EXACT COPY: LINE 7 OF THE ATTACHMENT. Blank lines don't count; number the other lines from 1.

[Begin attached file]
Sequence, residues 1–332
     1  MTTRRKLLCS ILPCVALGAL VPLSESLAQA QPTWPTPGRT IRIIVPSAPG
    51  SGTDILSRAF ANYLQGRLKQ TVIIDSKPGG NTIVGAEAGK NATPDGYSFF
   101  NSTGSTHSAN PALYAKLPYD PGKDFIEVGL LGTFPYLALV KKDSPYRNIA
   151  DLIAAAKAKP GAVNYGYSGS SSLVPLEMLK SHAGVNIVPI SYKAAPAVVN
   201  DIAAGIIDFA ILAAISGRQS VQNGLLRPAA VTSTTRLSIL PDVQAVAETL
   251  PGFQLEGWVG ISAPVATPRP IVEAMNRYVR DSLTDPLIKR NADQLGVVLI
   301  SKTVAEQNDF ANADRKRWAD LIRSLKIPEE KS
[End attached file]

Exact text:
   251  PGFQLEGWVG ISAPVATPRP IVEAMNRYVR DSLTDPLIKR NADQLGVVLI